To make our lists of best and worst TV shows for 2014, a program had to be scripted and have a Jewish star, writer or producer, or be about a Jewish related subject. Reality TV is not really television and all of it is bad so we left that out.
5) Penny Dreadful
This original Showtime horror drama set in late 18th Century England stars Eva Green. Need we say more? Its debut season also featured Josh Hartnett, Timothy Dalton and Dr. Who’s Billie Piper.
The first season was a who’s who of 19th Century gothic fiction characters from werewolves, to vampires and Dr. Frankenstein bringing back the dead. It even had Dorian Gray.
With a main character played by Mandy Patinkin and the show based on the original Israeli series Hatufim (kidnapped ones) about two Israeli soldiers release after years being held hostage by terrorists, you can certainly see why it made the list. But after last year’s disappointing third season you might have expected it to make the worst TV shows list rather than the best ones and you would have been right to do so.
However, this year marked a major comeback for the show whose writing just got better and better. It actually improved after killing off its Emmy winning star Damian Lewis last year. And Mandy Patinkin was stupendous as his character, former CIA man Saul Berenson, was given a much better storyline this year.
3) Falling Skies
This made our list because it is from executive producer Steve Spielberg.
For a TV show about a small group of survivors who are fighting off an invasion by aliens whith much superior technology and who have already wiped out most of humanity, it somehow found a way to make it through four seasons without losing any of its quality. The basic cable show will air its fifth and final season next year.
Yes it is silly and sometimes nonsensical, but hey it’s just a TV show. And it’s about an alien invasion so people should stop nitpicking.
2) Getting on
This little known gem from HBO is an American remake of an original BBC series. It is about a nutty doctor played by Laurie Metcalf (Roseanne) and her team of nurses who have to navigate the insanities of working in a hospital’s geriatric ward while dealing with the Bureaucracy.
It also stars Alex Borstein as one of the two main nurses. She is best known for playing the voice of Lois, the wife on the cartoon show Family Guy. Borstein proves here that she should be doing much more work in front of the camera.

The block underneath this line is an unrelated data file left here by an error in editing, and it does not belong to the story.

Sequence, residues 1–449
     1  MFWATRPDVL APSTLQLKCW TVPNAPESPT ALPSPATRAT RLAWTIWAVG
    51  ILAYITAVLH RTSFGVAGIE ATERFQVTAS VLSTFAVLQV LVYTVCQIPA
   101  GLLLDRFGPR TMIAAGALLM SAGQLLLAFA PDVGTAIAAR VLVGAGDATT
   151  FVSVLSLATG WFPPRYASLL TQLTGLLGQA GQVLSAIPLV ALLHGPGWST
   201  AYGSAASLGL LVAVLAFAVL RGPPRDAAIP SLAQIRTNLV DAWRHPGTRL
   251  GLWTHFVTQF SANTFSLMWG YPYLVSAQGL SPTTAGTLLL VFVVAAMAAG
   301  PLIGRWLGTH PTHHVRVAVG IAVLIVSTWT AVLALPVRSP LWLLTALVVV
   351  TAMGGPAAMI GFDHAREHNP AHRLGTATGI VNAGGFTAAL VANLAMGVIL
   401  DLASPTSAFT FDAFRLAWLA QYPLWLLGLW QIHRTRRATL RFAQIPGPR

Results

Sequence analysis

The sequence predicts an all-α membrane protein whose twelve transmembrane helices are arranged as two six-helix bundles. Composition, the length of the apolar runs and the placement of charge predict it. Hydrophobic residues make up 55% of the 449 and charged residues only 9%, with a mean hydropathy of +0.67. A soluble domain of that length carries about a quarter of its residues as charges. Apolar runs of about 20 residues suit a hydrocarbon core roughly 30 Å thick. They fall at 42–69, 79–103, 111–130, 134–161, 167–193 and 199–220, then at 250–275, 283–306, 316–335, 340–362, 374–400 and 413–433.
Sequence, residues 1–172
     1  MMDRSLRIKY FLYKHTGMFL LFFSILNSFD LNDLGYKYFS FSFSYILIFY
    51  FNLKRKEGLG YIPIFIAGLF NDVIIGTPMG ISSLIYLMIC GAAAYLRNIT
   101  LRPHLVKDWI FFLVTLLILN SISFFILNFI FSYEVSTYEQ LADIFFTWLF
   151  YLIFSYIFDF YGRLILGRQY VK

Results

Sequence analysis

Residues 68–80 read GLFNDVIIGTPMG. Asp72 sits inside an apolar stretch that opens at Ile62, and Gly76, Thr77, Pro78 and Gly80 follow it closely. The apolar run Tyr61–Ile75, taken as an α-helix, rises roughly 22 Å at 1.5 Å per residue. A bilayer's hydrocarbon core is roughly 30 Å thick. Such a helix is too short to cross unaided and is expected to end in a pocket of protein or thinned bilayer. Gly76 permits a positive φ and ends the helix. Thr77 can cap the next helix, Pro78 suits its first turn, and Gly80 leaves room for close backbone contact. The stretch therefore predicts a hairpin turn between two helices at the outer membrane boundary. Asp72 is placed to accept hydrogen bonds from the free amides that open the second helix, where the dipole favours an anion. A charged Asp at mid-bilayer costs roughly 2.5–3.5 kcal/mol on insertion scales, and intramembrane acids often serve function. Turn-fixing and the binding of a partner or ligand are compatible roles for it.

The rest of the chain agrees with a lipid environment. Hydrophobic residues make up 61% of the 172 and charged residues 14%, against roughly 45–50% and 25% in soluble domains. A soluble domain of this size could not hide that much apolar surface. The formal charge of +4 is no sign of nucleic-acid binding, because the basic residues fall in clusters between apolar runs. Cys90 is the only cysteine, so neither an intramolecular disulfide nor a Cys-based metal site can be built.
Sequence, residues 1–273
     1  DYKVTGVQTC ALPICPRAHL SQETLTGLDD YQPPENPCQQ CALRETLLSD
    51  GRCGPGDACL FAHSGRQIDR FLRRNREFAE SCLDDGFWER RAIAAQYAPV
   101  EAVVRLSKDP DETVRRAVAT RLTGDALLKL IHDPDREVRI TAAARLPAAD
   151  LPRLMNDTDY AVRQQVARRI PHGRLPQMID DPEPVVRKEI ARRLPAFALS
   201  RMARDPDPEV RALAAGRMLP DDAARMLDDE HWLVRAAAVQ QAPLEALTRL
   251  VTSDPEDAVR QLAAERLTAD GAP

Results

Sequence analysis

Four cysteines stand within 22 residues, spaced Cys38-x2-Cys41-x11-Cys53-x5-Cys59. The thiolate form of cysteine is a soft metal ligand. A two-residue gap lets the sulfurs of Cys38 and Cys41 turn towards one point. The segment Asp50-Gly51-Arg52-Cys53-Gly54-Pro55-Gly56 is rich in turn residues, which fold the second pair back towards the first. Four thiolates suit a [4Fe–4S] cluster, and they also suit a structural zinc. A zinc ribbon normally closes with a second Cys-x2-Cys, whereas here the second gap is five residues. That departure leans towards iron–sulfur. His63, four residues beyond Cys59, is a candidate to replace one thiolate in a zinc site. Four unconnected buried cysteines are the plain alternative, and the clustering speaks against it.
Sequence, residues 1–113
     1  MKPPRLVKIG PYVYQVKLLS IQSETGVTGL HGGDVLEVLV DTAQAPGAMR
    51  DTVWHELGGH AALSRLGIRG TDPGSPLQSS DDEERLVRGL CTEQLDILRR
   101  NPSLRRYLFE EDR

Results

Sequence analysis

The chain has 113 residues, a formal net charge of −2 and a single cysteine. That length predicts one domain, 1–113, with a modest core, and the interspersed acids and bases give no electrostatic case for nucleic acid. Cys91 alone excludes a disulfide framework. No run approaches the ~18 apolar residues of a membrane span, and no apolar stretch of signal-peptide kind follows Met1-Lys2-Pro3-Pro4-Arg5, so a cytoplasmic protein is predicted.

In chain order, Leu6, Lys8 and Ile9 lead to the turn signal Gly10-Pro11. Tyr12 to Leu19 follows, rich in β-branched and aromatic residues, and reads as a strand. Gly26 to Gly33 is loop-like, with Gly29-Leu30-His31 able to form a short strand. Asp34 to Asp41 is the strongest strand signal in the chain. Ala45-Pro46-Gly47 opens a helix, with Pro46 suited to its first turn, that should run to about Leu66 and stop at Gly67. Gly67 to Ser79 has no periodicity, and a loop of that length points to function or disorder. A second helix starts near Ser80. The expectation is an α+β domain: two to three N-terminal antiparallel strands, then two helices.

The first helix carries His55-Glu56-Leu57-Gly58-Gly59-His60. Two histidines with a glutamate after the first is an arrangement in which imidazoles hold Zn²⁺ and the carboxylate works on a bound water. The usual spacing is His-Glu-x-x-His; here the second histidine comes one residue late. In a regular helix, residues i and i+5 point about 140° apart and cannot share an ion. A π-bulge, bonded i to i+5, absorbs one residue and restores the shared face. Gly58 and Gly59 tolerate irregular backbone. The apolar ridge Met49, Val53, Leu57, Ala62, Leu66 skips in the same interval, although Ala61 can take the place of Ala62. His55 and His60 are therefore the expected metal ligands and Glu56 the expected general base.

The show just finished its second season, but unfortunately HBO has limited it to six episodes a year so far. Let’s hope that it will correct that mistake next year.
1) Mad Men
From creator Matthew Weiner who has at least co-written all of the show’s 92 episodes so far, this basic cable program from AMC has just one Jewish cat member, Elizabeth Moss. It aired the first 8 episodes of its final season last spring and will air its final 8 episodes ever next year. But in spite of the network calling it a split season, when you air the two parts a year apart then it is really two seasons.
Last year we saw a now fully alcoholic Don Draper make his comeback after having had a mini-breakdown the previous year which led to his fellow partners putting him on an indefinite forced leave of absence. The world now waits with bated breath to see exactly how the Don Draper saga will end. Hopefully we will start to find out next month.
Honorable mention – The Walking Dead
We just had to find a way to sneak this one in seeing as how it is the most popular scripted television show in America today. We did so because it has always had at least one Jewish cast member. That honor currently goes to the British actress Lauren Cohan who was originally born in Philadelphia.
While the 32 year old actress was not born Jewish – her mother’s second husband is Jewish and named Cohan – she converted after her mother remarried, took her stepfather’s last name and had a bat Mitzvah.